Big-Brained and Beautiful

For anyone that experienced the same hateful school trauma that I did, raising your hand to answer a question equated to volunteering to stand in front of a firing squad. Not because you didn’t know the answer (only an idiot raises their hand when they don’t know the answer), but because you admitted you DID understand the posed question. QED: you were announcing to the world that you held a glimmer of intelligence.

Big mistake.

Even in my advanced classes, volunteering knowledge and smarts meant setting yourself up for failure. Not in the class (teachers adore a smart kid), but in the jungle that was your peers. It made no sense to me then, and it still doesn’t add up to me now. After all, the stereotypical image is that intelligence is something to be admired and respected. (Okay, maybe not at this moment in this country – in general, though) Posters decorated the hallways proclaiming a need to study, to better yourself, to stand up and nourish your brain cells.

Meanwhile, every time you showed the slightest glimpse of those smarts, your classmates took it upon themselves to beat you into the ground (sometimes literally). Smart wasn’t cool, wasn’t acceptable, and wasn’t tolerated. Again, even the advanced classes had a tolerance threshold, and woe betide you if you dared to cross that line. It was a lesson I learned EARLY:

Never let on how smart you really are.

I intentionally failed tests – including the entrance test for the advanced program. (When you know the correct answers, it isn’t hard to pick the wrong ones. It’s also easy to gauge the rough percentage you need to get wrong to not come off as a complete idiot and arouse suspicions) Of course, I made the mistake of bragging about that particular exploit and got a lecture from my parents (and ended up repeating the test a few years later – without knowing what the test was for. Wonder of wonders, I passed with a startlingly high score). I always made sure I got just enough answers wrong on tests to keep my “A” average but not get 100s all the time.

Except…people still hated me. Because I was still smart. My need to keep my parents happy with straight “A” report cards alienated me from my peers. And when you like the teacher who calls on you? You can’t lie or fumble an answer. (They KNOW you know – it sucks) All of my attempts to hide my brain resulted in an epic fail, and I found myself shunted to the fringes.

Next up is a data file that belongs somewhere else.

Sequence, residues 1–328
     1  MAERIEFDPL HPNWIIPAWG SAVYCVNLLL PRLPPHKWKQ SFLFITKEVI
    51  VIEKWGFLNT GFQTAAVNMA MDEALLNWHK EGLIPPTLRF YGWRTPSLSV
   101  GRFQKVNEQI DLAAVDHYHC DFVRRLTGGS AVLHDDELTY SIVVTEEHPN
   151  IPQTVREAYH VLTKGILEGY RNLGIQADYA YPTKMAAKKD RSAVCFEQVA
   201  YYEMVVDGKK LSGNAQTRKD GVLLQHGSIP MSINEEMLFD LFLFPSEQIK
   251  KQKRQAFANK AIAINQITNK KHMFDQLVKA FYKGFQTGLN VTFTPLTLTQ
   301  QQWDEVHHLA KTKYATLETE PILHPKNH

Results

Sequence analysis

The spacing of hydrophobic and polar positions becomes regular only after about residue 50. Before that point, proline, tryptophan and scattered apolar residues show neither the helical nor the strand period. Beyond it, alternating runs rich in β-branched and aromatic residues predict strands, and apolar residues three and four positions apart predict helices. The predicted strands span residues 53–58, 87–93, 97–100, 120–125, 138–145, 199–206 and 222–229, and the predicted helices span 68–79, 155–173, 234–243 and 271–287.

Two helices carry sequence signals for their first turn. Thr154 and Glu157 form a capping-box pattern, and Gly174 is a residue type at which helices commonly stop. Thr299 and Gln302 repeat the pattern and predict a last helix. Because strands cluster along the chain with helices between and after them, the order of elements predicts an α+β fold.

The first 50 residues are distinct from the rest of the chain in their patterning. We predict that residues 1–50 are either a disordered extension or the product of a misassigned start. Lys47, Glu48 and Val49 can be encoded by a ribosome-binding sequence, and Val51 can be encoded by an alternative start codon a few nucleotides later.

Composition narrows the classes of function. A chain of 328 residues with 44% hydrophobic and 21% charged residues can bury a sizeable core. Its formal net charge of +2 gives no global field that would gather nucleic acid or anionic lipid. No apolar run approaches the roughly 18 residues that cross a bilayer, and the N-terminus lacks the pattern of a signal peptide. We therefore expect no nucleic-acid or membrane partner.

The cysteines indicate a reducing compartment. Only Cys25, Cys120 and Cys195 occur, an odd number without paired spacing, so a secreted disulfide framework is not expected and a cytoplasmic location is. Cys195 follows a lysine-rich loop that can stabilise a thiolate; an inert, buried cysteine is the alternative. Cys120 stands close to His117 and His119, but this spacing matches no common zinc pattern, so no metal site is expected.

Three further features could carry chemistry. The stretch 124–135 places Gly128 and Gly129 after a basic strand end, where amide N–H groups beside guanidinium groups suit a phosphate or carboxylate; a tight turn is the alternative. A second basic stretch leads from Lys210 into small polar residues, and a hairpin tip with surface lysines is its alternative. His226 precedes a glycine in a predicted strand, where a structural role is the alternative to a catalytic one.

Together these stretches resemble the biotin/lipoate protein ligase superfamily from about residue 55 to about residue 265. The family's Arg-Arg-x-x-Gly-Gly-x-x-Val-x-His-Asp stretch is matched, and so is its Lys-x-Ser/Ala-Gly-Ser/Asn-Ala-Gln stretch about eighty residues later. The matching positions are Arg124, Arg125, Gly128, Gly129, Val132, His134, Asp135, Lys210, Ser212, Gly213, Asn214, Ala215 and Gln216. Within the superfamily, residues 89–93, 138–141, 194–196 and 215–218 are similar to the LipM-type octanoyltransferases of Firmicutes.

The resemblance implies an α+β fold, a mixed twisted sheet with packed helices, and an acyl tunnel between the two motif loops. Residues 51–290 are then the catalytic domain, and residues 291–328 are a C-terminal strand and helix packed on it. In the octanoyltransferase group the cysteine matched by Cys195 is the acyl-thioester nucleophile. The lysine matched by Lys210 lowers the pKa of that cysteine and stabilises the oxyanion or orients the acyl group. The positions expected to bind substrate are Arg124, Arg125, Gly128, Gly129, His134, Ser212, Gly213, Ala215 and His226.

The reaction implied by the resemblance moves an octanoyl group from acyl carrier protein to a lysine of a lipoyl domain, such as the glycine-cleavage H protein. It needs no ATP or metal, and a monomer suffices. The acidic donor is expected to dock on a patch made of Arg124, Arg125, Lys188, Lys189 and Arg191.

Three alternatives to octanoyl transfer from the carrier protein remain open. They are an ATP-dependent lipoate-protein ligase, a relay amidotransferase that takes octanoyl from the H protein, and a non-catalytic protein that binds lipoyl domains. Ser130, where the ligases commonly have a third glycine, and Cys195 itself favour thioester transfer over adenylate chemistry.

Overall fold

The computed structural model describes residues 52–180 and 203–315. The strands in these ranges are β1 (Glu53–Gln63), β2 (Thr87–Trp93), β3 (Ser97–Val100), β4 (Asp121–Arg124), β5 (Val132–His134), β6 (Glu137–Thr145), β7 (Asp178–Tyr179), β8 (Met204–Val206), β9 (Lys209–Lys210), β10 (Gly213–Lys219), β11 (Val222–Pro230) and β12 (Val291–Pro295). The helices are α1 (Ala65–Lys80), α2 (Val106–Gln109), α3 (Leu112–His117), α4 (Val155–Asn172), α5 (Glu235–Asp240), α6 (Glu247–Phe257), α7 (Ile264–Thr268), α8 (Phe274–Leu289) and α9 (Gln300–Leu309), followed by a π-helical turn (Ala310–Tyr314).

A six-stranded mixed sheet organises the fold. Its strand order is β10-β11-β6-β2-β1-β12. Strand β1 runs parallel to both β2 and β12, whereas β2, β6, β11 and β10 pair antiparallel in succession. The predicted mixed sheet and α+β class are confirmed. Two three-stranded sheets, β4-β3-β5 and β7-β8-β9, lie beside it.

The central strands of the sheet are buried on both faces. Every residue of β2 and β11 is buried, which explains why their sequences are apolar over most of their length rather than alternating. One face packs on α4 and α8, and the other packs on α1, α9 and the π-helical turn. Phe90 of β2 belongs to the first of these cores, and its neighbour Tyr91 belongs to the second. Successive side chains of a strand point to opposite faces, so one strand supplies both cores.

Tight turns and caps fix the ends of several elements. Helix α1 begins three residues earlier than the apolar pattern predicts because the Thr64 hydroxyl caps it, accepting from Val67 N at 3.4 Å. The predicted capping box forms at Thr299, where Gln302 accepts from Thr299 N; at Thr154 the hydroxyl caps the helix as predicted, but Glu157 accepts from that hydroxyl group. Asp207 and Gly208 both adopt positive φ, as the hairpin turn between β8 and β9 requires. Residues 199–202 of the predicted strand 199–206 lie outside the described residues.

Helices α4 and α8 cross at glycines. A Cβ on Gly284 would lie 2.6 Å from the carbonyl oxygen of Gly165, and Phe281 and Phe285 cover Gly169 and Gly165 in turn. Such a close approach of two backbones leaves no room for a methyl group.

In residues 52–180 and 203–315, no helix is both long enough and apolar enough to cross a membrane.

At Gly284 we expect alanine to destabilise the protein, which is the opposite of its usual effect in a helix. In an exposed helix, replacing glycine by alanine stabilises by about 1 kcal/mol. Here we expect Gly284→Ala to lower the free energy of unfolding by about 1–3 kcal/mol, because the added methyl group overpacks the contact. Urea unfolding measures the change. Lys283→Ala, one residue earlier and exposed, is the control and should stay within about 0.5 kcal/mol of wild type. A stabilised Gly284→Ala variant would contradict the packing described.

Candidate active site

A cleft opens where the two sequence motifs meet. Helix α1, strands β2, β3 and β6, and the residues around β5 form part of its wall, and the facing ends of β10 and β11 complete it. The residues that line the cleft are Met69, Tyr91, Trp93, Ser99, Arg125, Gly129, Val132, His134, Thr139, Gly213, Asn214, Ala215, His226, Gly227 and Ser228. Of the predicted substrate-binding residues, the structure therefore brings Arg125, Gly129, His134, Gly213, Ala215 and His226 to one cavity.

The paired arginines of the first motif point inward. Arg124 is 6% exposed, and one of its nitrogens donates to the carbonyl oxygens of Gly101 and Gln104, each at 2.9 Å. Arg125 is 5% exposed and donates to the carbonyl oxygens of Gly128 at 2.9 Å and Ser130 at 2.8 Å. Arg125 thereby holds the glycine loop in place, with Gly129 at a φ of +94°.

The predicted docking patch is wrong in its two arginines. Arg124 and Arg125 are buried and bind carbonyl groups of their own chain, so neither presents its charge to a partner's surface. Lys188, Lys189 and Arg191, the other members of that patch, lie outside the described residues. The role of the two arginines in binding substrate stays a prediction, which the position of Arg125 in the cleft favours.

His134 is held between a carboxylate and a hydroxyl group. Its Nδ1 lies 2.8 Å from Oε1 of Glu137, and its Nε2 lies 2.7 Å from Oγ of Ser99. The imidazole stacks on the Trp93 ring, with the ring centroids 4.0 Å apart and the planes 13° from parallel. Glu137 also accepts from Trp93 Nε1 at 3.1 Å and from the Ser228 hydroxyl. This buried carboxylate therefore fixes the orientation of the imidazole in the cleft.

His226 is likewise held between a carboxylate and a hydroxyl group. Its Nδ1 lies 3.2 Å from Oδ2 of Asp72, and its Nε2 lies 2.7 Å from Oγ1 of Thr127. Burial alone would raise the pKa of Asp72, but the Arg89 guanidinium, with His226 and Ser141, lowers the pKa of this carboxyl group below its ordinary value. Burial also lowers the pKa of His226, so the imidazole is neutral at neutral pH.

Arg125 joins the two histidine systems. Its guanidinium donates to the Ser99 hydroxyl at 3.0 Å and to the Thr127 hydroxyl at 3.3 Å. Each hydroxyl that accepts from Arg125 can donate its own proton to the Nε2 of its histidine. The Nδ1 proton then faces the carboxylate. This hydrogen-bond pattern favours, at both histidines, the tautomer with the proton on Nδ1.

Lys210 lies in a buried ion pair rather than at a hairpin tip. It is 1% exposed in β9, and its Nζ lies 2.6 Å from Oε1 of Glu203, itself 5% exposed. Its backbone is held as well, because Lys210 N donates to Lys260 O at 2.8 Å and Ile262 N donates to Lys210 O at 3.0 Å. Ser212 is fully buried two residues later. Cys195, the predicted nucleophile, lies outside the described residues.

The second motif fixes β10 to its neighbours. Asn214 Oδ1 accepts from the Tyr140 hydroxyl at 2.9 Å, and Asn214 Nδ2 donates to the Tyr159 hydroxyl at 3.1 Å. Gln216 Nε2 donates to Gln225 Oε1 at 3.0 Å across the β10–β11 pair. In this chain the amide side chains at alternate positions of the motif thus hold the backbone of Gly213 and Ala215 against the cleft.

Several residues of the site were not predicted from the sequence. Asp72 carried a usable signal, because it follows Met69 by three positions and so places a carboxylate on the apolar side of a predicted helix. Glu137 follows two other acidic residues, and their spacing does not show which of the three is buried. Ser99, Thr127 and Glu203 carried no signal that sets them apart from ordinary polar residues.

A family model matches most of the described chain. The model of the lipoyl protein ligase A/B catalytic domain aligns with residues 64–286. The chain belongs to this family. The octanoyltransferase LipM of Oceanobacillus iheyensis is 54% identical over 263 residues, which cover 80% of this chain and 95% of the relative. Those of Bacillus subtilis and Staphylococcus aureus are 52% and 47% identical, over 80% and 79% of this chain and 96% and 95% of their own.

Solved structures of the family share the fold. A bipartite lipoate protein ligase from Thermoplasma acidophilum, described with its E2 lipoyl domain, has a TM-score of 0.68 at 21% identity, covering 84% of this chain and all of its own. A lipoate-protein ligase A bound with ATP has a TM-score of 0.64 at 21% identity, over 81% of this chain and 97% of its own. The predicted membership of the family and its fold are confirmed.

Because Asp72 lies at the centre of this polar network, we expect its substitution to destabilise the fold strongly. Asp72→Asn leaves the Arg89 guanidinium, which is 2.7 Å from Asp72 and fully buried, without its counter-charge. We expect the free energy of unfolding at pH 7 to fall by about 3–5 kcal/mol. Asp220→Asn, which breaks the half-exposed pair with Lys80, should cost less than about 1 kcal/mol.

Smart people get tarred with a brush of humiliation. Despite the fact that people run around demanding answers all the time, they’d rather listen to YouTube videos or podcasters than those with backgrounds in the topic they’re asking about. Intelligence gets ridiculed, even as they cower in the counter and wonder over the end of the world. It’s the biggest catch-22 in the world, and it’s damaging to those of us with beautiful brains.

You develop this reluctance to speak up. It doesn’t matter that you have the answer or know the solution to a problem. Your entire body seizes up, and you stay silent out a sense of preservation. If you don’t say anything, no one will make fun of you later. (Never mind that they’ll also figure out what’s going wrong; that never seems to occur to them) It’s like existing in a real-life zombie movie where you watch everyone else get picked off, one by one, while you sit there, holding the antidote.

Madness, right?!

For me, college was a breath of fresh air. I had four years where being smart received praise and awe. The people around me shared the same mindset, applauding those who raised their hands and volunteered information. You surged around intelligence and hoped it rubbed off on you – because I wasn’t the smartest kid there. I breathed easy for the first time. And I foolishly thought that enlightened state of mind would carry through to my adult life.

And then my first job introduced me to the Good Old Boys Network. It didn’t matter if I had a better way of doing things; I was a girl trying to step out of bounds and act intelligent. Could I go back to my cube and just do what I was told? No one wanted my opinion. And I definitely wasn’t deemed smart enough to venture changes or improvements. I was a mindless gopher, following instructions. It was a soul-sucking environment.

And leaving Cube Land didn’t make things better. People don’t like it if you try to offer ideas that are smarter than theirs. You get frowns, ridicule, or just steamrolling. “Work smarter, not harder?” Yeah, that phrase has no meaning in the real world. If you attempt to show someone a more reasonable way of doing things, they flounce away as if you’ve insulted their ancestors. And then you find yourself getting shut out by everyone else. It’s school all over again.

And it’s WRONG!

No matter where you are – school, college, work – you have the right to be intelligent. If you’re smart, then SHOW it! I know it won’t gain you any friends (well, except for the rest of us nerds), but trying to cram yourself into that idiot box? First of all, it’s full of insipid morons. They’re lousy company. Second, there’s no room in the damn box because they aren’t smart enough to get in there in a logical manner. So now you’re wedged into an uncomfortable position with a bunch of mouth-breathers? Come on – you deserve better than that.